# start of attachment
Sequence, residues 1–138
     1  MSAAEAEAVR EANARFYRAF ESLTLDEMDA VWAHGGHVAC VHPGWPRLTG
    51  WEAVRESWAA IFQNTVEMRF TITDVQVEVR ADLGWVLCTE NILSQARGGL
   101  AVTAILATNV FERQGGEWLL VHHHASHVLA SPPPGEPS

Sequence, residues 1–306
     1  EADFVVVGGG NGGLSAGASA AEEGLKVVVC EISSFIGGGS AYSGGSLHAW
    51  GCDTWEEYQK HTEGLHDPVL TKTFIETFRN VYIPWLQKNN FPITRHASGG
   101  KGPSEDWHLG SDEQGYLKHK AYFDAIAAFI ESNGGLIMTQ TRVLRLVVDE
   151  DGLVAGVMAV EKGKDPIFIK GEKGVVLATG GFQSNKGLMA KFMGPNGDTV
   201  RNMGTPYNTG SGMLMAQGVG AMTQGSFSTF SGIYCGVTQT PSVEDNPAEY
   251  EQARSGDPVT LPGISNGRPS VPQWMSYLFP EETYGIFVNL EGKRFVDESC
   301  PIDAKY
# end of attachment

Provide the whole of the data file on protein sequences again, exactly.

Sequence, residues 1–138
     1  MSAAEAEAVR EANARFYRAF ESLTLDEMDA VWAHGGHVAC VHPGWPRLTG
    51  WEAVRESWAA IFQNTVEMRF TITDVQVEVR ADLGWVLCTE NILSQARGGL
   101  AVTAILATNV FERQGGEWLL VHHHASHVLA SPPPGEPS

Sequence, residues 1–306
     1  EADFVVVGGG NGGLSAGASA AEEGLKVVVC EISSFIGGGS AYSGGSLHAW
    51  GCDTWEEYQK HTEGLHDPVL TKTFIETFRN VYIPWLQKNN FPITRHASGG
   101  KGPSEDWHLG SDEQGYLKHK AYFDAIAAFI ESNGGLIMTQ TRVLRLVVDE
   151  DGLVAGVMAV EKGKDPIFIK GEKGVVLATG GFQSNKGLMA KFMGPNGDTV
   201  RNMGTPYNTG SGMLMAQGVG AMTQGSFSTF SGIYCGVTQT PSVEDNPAEY
   251  EQARSGDPVT LPGISNGRPS VPQWMSYLFP EETYGIFVNL EGKRFVDESC
   301  PIDAKY